Knowledge of the locations and formation mechanisms of pit craters and fossae is important for the future colonization of Mars because they may be reservoirs of water.[11]


Some scientists believe that glaciers exist on many of the volcanoes in Tharsis, including Olympus Mons, Ascraeus Mons, and Pavonis Mons.[12] Ceraunius Tholus may have even had its glaciers melt to form some temporary lakes in the past.[13][14][15][16][17][18][19]

Dark Slope Streaks

Some pictures below show dark streaks: on the slopes on large blocks just to the left of Tharsis Tholus, on Ceraunius Fossae, and on Olympica Fossae. Such streaks are common on Mars. They occur on steep slopes of craters, troughs, and valleys. The streaks are dark at first. They get lighter with age. Sometimes they start in a tiny spot, then spread out and go for hundreds of meters. They have been seen to travel around obstacles, like boulders.[20] It is believed that they are avalanches of bright dust that expose a darker underlying layer. However, several ideas have been advanced to explain them. Some involve water or even the growth of organisms.[21][22][23] The streaks appear in areas covered with dust. Much of the Martian surface is covered with dust. Fine dust settles out of the atmosphere covering everything. We know a lot about this dust because the solar panels of the Mars Rovers get covered with dust, thus reducing the electrical energy. The power of the Rovers has been restored many times by the wind, in the form of dust devils, cleaning the panels and boosting the power.[24] Dust storms are frequent, especially when the spring season begins in the southern hemisphere. At that time, Mars is 40% closer to the sun. The orbit of Mars is much more elliptical then the Earth's. That is the difference between the farthest point from the sun and the closest point to the sun is very great for Mars, but only a slight amount for the Earth. Also, every few years, the entire planet is engulfed in global dust storms. When NASA's Mariner 9 craft arrived there, nothing could be seen through the dust storm.[25][26] Other global dust storms have also been observed, since that time.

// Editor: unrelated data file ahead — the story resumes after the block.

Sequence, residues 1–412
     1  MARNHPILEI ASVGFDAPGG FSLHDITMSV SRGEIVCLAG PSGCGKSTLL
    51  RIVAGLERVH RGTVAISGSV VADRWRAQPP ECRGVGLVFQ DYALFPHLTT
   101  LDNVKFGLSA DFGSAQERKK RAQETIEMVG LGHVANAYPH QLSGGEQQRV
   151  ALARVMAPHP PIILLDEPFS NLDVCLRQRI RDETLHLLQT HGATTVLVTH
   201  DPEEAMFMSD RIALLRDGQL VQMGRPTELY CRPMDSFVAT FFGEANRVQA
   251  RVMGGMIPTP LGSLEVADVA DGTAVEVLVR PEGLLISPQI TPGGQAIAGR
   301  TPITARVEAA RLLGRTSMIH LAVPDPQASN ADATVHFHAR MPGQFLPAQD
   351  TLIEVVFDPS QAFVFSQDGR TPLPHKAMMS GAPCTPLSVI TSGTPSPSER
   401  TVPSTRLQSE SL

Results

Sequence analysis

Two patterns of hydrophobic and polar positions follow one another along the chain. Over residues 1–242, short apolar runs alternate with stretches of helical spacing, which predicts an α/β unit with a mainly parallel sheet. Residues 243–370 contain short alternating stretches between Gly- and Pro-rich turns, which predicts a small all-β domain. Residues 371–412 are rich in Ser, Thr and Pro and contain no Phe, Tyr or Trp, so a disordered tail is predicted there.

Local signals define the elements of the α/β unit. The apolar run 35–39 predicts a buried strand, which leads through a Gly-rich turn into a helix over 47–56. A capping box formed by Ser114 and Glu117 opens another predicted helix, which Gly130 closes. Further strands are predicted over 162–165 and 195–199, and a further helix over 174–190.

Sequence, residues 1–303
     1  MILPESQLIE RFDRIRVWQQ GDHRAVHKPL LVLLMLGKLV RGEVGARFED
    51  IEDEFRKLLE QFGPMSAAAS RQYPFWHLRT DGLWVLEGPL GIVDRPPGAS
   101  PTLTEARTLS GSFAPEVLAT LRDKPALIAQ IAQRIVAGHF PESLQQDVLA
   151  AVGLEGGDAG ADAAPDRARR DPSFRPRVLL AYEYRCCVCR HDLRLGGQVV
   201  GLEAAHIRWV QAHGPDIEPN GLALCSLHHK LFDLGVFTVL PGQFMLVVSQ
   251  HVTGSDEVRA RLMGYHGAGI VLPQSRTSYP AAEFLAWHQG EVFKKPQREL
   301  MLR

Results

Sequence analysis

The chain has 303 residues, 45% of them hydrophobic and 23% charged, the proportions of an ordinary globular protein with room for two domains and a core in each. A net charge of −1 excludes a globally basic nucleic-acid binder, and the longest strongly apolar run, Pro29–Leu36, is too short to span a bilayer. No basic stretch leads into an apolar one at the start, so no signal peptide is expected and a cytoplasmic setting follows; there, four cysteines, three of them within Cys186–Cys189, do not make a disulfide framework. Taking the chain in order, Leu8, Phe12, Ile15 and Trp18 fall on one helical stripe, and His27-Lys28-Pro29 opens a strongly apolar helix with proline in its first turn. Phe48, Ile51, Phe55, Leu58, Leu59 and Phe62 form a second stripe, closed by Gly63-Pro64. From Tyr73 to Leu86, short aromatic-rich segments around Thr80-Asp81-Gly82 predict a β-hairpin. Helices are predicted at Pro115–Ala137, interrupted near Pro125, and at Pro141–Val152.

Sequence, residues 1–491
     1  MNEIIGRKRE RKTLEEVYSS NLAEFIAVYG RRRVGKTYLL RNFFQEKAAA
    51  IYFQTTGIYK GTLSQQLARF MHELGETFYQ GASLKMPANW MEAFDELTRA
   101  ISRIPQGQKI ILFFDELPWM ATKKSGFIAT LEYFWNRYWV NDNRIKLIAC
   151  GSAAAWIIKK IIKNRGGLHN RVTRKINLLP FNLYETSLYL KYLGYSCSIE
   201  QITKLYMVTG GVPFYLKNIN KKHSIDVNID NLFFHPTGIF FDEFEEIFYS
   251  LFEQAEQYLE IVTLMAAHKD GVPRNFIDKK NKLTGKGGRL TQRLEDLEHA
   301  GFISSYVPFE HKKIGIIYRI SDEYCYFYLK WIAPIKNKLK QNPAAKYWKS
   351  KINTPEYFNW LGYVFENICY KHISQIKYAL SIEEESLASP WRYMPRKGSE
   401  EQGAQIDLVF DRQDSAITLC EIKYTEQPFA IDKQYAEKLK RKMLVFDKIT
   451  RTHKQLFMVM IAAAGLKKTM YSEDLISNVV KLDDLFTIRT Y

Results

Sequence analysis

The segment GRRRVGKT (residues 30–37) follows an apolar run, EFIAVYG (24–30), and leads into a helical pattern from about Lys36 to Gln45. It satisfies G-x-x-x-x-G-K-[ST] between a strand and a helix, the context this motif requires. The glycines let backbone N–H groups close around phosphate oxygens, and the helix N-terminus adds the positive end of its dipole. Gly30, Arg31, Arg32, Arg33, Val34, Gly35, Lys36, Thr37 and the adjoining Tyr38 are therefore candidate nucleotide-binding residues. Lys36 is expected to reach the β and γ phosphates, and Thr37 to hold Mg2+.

See also


  1. ^ Davies, M.E.; Batson, R.M.; Wu, S.S.C. “Geodesy and Cartography” in Kieffer, H.H.; Jakosky, B.M.; Snyder, C.W.; Matthews, M.S., Eds. Mars. University of Arizona Press: Tucson, 1992.
  2. ^ Hartmann, W. 2003. A Traveler's Guide to Mars. Workman Publishing. NY NY.
  3. ^ Norton, O. 2002. Mapping Mars. Picador, New York.
  4. ^
  5. ^ Hartmann, W. 2003. A Traveler's Guide to Mars. Workman Publishing. NY NY.
  6. ^ Skinner, J., L. Skinner, and J. Kargel. 2007. Re-assessment of Hydrovolcanism-based Resurfacing within the Galaxias Fossae Region of Mars. Lunar and Planetary Science XXXVIII (2007)
  7. ^
  8. ^ a b Wyrick, D., D. Ferrill, D. Sims, and S. Colton. 2003. Distribution, Morphology and Structural Associations of Martian Pit Crater Chains. Lunar and Planetary Science XXXIV (2003)
  9. ^
  10. ^
  11. ^ Ferrill, D., D. Wyrick, A. Morris, D. Sims, and N. Franklin. 2004. Dilational fault slip and pit chain foramtion on Mars 14:10:4-12
  12. ^
  13. ^
  14. ^ http://www.mars.asu/christensen/advancedmarsclass/shean_glaciers_2005.pdf
  15. ^ Head, J. et al. 2005. Tropical to mid-latitude snow and ice accumulation, flow and glaciation on Mars. Nature: 434. 346-350
  16. ^
  17. ^
  18. ^ Plaut, J. et al. 2008. Radar Evidence for Ice in Lobate Debris Aprons in the Mid-Northern Latitudes of Mars. Lunar and Planetary Science XXXIX. 2290.pdf
  19. ^ Holt, J. et al. 2008. Radar Sounding Evidence for Ice within Lobate Debris Aprons near Hellas Basin, Mid-Southern Latitudes of Mars. Lunar and Planetary Science XXXIX. 2441.pdf
  20. ^
  21. ^
  22. ^
  23. ^
  24. ^
  25. ^ ISBN 0-517-00192-6
  26. ^ ISBN 0-8165-1257-4

External links

  • [1] - for Mars animation of how Tharsis evolved.